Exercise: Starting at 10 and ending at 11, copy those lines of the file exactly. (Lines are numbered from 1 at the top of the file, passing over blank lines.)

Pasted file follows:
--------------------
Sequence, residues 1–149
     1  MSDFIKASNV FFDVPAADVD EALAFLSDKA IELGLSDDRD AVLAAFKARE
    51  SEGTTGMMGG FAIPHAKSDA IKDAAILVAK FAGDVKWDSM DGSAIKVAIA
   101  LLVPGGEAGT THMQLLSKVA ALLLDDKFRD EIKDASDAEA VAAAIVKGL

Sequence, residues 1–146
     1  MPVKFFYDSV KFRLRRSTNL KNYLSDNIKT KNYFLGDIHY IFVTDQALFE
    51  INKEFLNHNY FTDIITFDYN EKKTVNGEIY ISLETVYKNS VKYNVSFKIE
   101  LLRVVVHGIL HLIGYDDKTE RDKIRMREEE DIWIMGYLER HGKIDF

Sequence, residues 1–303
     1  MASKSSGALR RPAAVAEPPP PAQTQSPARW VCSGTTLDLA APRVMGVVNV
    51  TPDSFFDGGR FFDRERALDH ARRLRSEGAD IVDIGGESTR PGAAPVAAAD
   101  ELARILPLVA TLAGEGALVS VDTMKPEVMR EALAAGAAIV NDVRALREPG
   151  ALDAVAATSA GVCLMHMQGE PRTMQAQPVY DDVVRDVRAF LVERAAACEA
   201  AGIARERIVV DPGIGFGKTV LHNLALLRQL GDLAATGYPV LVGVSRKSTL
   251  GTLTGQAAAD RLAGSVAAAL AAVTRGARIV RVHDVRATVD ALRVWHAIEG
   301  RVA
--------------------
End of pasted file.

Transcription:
     1  MASKSSGALR RPAAVAEPPP PAQTQSPARW VCSGTTLDLA APRVMGVVNV
    51  TPDSFFDGGR FFDRERALDH ARRLRSEGAD IVDIGGESTR PGAAPVAAAD